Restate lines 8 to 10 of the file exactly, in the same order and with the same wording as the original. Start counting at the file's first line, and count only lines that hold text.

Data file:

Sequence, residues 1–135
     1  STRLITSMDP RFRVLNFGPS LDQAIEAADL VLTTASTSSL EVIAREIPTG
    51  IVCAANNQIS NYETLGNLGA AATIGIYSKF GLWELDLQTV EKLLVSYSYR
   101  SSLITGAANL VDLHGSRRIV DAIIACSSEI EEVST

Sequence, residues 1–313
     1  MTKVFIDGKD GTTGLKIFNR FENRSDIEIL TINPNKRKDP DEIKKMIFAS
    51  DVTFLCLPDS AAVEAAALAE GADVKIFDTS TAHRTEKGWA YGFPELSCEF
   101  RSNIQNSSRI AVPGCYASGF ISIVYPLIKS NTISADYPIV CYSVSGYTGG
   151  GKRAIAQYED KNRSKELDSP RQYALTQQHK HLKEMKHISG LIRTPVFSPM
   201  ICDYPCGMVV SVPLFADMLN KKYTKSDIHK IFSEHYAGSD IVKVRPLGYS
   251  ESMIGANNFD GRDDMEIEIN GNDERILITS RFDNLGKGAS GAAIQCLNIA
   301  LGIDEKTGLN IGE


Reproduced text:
   101  RSNIQNSSRI AVPGCYASGF ISIVYPLIKS NTISADYPIV CYSVSGYTGG
   151  GKRAIAQYED KNRSKELDSP RQYALTQQHK HLKEMKHISG LIRTPVFSPM
   201  ICDYPCGMVV SVPLFADMLN KKYTKSDIHK IFSEHYAGSD IVKVRPLGYS